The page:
FARM ANIMALS NEED A VACATION SOMETIMES, especially when they’re trapped inside the Orwellian nightmare of American politics. That was the pun Sadie Laska turned to while assembling this massive thirty-four-person exhibition, titled after an Amazon ad for George Orwell’s 1945 novel that kept popping up in Laska’s feed when the book hit the best-seller list after the 2016 presidential election. That’s so Big Brother.
“Peter Brant invited me to propose an idea the day after I attended the Women’s March,” the artist told me. Suddenly, the dystopian reference offered a perfect satire to contrast with the Brant Foundation’s gorgeous, pastoral, equine-friendly location. Designed for installation on a farm, the exhibition was by animals, for animals: a community of artists, primarily Brooklyn-based painters, sculptors, and musicians (who performed in a giant lawn tent), burning off steam.
I first felt the tension melting en route, via country roads peppered with mossy stone walls in a sprouting oak forest, but upon arrival the easygoing day pact was sealed, particularly outside where children and dogs running across the sprawling lawn reanimated Urs Fischer’s slate-gray sculpture Big Clay, 2011, which matched the dark, stormy sky. When sun finally arrived, I suspected Tony Cox’s mythic superhero band LOBOTOMAXXX was at the root of it, so powerfully aerobic-yogic and DEVO-esque was their vocal and drum machine performance: Cox’s trampoline, which he jumped on, flipped over, handstand-ed around, and crawled under—quite flashily in his silver sequined leotard—must have been a talisman.
Inside, generations of downtown painters were teamed up to “bridge” (Laska’s words) a rebellious, freewheeling, and colorful Pop lineage to militant graffiti and street-art aesthetics. In this respect, the exhibition pays homage to early Deitch Projects. For example, one room hosted Joe Bradley, Jean-Michel Basquiat, Kenny Scharf, Joyce Pensato, Katherine Bernhardt, Keith Haring, and Nina Chanel Abney, all conversing in feedback loops of cartoon language. The room containing Peter Saul, Henry Taylor, Carol Rama, Jason Fox, Josh Smith, and Lonnie Holley—represented by a fierce motorcycle sculpture, Riding Through My Roots Too Fast, 2004—alternated between animal imagery and social critique. A. R. Penck’s Skizze, 1983, borrowed for inclusion two weeks after his death, was a heartfelt commemoration and fortified the pervasive spirit of activism.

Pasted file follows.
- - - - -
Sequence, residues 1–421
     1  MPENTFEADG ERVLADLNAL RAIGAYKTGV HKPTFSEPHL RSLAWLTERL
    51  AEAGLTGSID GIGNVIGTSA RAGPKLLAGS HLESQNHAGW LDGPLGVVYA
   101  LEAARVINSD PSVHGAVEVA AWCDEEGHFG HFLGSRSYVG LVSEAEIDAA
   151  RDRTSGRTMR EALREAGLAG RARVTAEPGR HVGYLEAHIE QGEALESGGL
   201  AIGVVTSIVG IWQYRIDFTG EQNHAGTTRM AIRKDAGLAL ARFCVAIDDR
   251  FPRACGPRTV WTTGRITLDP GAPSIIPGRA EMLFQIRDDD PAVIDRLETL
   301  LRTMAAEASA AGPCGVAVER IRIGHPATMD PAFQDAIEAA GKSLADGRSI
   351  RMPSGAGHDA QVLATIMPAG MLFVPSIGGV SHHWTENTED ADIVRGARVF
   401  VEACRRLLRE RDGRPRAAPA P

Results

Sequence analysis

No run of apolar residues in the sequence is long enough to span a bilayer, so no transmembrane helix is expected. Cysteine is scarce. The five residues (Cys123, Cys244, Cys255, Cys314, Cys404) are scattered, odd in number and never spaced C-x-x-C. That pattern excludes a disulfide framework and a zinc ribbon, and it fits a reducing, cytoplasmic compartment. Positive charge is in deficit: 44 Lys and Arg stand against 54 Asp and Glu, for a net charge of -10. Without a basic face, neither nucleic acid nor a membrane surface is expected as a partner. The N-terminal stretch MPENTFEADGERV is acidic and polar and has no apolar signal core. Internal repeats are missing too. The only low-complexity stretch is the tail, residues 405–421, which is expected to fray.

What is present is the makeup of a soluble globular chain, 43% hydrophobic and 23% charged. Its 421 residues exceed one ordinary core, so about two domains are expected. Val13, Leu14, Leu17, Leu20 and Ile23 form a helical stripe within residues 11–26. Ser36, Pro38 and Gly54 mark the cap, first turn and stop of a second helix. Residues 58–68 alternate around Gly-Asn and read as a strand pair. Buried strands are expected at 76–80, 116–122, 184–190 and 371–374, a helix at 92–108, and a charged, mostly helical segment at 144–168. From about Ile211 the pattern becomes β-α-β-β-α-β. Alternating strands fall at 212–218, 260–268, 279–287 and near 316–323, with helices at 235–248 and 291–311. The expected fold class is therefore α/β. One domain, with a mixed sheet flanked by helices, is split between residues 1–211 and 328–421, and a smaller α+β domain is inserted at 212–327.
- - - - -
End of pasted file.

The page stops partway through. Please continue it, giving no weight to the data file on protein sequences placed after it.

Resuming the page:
Two nooks across from one another were Sue Williams’s The Bill of Rights, 1990, Sadie Laska’s Stars and Bars, and William Copley’s mock-heroic portraits of horse asses and powdered-wig-wearing buffoons that metaphorically spelled #dumptrump. Antiwar messaging bookended entryways as well: One was occupied mightily by a Bread and Puppet Theater display (MILITARIZED; HYPNOTIZED declared their banners), and the other hosted seldom-seen paintings by Don Van Vliet, whose chunky, visionary abstraction The Drazy Hoops, 1997, hung catty-corner from Wally Hedrick’s Peace, 1953, a wavy American flag with the title scrawled across it.
But the coziest room was where jam sessions by the Honey Badgers broke out periodically in improvisational merriment, inside Sarah Braman’s exquisitely magenta and lavender Badger Den (Let’s Read Together), 2017, constructed from truck campers and plywood for secret fort fun. The Honey Badgers, named after the fabulously vicious YouTube-famous critter who puts up with zilch, is an all-star band including a roving cast of gallerists such as Jack Hanley and Phil Grauer, plus children. The brood really went for it, mellifluous tunes encouraging communal hang sessions between old friends. Joe Bradley apologized for not sending me a blurb awhile back, and I replied, “Hey, man, no worries, actually you did send it, and it was awesome.”
With moms laughing at their kids, it was cuteness overload, given our Mother’s Day occasion. We all sat on Katherine Bernhardt’s series of imported “Moroccan Magic Carpets” below Agathe Snow’s dangling sculpture Coucou, a “found tree-trunk gutted by natural elements” injected with stress-relieving soft sculptures built of memory foam that she had squeezed, twisted, and punched while building to allay anxieties. “Wreckage and stress,” she said while we stood beneath Coucou. Thankfully on the other walls, Chris Martin’s enormous October, 2016, high-fived Julian Schnabel’s smaller, pyramidal yellow-and-orange canvas Untitled, 2013, perhaps engaging in soul-advancing, psychic negotiations to promote tranquility, the way good canvases can.
I hitchhiked home with Chris Martin and Tamara Gonzales, munching pecans in the backseat. As we left the farm’s valet area, we wondered aloud about how much upkeep the Jeff Koons Puppy takes, but then real life reared its head as we stalled in traffic near the landfill outside Co-Op City. Eventually I was delivered to another utopian convention: Chris Johanson and Johanna Jackson’s show “The Middle Riddle,” at the Journal Gallery. “We chose artists that we feel close to, aligned with, that live in our spiritual/social neighborhood,” Jackson said. Casual vibes radiated from the pair’s sculptural furniture collaborations, and we all admired Jackson’s 2017 Dump Him painting sitting on the floor in the corner depicting flicking fingers, as if shooing away some pestilence. And we’ve only just passed the first one hundred days mark. For a day at least, it seems animals everywhere reclaimed freedom, and made the most of it.